As the Structured Clinical Interview for DSM IV is the required instrument—often called the gold standard—to assess these symptoms following DSM IV, this instrument was used for the study. DSM IV uses two entry criteria for the diagnosis of depression (depressed mood and/or loss of interest) and seven associated symptoms of depression (appetite problems, sleep problems, motor problems, lack of concentration, loss of energy, poor self esteem and suicidality). We tested whether these associated symptoms of depression differed in frequency between those who met the entry criteria for depression (minor or major) in comparison to those who did not. Sufferers from minor depression present at least two but less than five symptoms, patients with major depression suffer from five or more symptoms of depression. For the research question of this study minor and major depression were combined together to compare with those who did not meet DSM IV entry criteria for depression in pregnancy and postpartum.
In this study we aimed to determine whether the symptoms used for the diagnosis of depression, following DSM IV, are appropriate in pregnancy and the postpartum
period, and which are the most useful. Our hypotheses were that not all the symptoms associated with depression in DSM IV would be appropriate in the perinatal period, and that the symptom profile would differ between pregnancy and postpartum.
The protocol was approved by the ethics committee of the Canton of Zurich, Switzerland, and written informed consent was obtained from all participants.
Data collection took place in five obstetric departments in the canton of Zurich, Switzerland. They serve city, suburban and rural catchment areas and are responsible for the management of about half of the annual birth rate of the canton. Consecutive women were recruited postnatally to take part in a Structured Clinical Interview for DSM IV diagnoses (SCID) (Spitzer et al.1992; APA1994) on day 4. These were carried out by telephone in week 6 postnatally. For a diagnosis of depression (major or minor) following DSM IV women had to meet one of the entry criteria (depressed mood or loss of interest over a period of at least 2 weeks) and have at least one other symptom.
Among the consecutive 1,356 eligible women ap-proached there was a participation rate of 66% (n=892). With the first 195 cases only those women who met entry criteria, i.e. depressed mood or loss of interest for 14 consecutive days, were asked about the presence of the remaining seven symptoms. This is the usual SCID procedure. From then on all participants were asked about all nine symptoms. Thus the depressed cases from the whole sample (n=892) and the non depressed cases from the sample excluding the first 195, were included in the study.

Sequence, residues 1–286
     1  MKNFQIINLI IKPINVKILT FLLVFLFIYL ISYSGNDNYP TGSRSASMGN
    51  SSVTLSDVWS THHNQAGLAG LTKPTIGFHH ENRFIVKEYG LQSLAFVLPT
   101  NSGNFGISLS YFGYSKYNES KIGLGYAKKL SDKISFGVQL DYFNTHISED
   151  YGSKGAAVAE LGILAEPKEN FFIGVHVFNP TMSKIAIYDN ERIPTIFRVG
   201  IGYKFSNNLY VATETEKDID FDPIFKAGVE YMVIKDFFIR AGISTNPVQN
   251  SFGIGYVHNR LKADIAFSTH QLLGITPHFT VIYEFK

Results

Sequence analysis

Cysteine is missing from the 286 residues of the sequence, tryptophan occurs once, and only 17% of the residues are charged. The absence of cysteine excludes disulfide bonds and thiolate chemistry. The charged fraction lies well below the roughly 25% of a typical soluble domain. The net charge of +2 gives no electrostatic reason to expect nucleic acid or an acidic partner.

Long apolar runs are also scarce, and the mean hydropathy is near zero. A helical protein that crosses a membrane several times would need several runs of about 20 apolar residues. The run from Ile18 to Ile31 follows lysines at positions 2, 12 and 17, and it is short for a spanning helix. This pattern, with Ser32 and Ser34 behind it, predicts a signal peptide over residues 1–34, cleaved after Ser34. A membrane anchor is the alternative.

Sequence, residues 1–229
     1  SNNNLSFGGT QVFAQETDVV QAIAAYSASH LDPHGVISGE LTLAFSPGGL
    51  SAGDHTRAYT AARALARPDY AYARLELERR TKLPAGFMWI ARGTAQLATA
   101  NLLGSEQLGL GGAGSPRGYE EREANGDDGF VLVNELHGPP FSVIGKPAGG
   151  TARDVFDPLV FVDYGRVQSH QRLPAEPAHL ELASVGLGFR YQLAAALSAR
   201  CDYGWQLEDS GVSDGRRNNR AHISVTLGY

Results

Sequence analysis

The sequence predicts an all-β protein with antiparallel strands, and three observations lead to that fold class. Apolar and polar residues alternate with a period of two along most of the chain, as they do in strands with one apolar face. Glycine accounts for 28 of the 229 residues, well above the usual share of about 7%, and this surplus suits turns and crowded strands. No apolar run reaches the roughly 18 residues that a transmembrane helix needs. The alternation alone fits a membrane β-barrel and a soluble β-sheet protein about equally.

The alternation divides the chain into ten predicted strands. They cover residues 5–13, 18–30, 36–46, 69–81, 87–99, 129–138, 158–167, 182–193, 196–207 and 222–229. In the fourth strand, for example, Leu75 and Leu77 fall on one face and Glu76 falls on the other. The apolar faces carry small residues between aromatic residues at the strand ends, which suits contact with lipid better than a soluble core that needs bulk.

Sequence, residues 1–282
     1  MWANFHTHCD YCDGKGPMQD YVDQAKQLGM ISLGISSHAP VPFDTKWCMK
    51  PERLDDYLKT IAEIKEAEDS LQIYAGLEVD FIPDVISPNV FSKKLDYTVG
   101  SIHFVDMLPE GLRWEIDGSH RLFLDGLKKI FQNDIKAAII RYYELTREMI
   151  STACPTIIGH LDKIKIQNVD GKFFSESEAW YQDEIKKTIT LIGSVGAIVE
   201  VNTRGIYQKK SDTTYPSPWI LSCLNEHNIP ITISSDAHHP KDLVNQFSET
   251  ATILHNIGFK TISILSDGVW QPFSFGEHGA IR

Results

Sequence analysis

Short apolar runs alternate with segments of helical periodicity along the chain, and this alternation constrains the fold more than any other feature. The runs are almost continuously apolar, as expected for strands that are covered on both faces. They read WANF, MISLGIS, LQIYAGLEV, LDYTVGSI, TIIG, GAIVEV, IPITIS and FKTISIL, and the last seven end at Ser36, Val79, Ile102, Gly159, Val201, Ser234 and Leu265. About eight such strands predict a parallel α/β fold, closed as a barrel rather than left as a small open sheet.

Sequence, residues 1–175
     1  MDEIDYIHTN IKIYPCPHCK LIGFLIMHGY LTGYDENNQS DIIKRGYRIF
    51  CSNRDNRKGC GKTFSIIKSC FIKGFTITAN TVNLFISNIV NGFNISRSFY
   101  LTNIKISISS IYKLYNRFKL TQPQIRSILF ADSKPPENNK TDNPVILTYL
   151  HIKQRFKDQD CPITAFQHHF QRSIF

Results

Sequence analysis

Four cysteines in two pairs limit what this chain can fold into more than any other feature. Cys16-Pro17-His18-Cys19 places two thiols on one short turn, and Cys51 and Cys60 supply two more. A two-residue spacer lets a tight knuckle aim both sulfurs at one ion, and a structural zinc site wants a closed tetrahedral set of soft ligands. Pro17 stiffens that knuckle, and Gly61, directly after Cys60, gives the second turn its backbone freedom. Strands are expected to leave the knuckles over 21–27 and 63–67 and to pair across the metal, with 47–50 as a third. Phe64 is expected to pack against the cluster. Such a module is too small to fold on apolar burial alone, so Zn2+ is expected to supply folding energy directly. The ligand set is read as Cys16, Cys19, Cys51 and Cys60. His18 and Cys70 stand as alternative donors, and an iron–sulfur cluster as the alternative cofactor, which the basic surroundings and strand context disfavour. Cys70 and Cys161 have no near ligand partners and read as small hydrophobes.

The SCID interview is specifically designed to assess diagnoses of DSM IV. Usually the SCID interview finishes if the interviewee does not qualify for the entry criteria of a depressive episode, i.e. if the interviewee has not suffered continuously for 14 days from depressed mood and/or loss of interest in the time period under study. Subjects who do not meet these criteria for either the symptom of depressed mood or the symptom of loss of interest are excluded from the diagnosis of a depressive episode following DSM IV. For this study, all nine SCID symptoms of depression—the entry criteria and the seven associated symptoms of depression—were assessed in all subjects. This procedure, i.e. an adaptation of the usual SCID procedure, allows comparison of participants who met the entry criteria (of depressed mood and/or loss of interest) with women who did not meet these entry criteria.
By definition, in order to ascertain information necessary for the diagnosis of a depressive episode, the SCID
interview explores symptoms experienced by the proband in the past. However, for these interviews only the worst four weeks in the postpartum period (following the definition of DSM IV) and the worst four weeks in pregnancy were assessed. DSM IV provides the definition that “postpartum depression” is “depression with onset within the first four weeks after childbirth”. The term depression in pregnancy means depression that occurs throughout the whole time period of pregnancy. In order to be able to compare time intervals of the same length when carrying out the SCID interview the worst continuous four weeks period within the two time periods under study were assessed. Other episodes of depression that the participating woman may had experienced earlier in life were not assessed.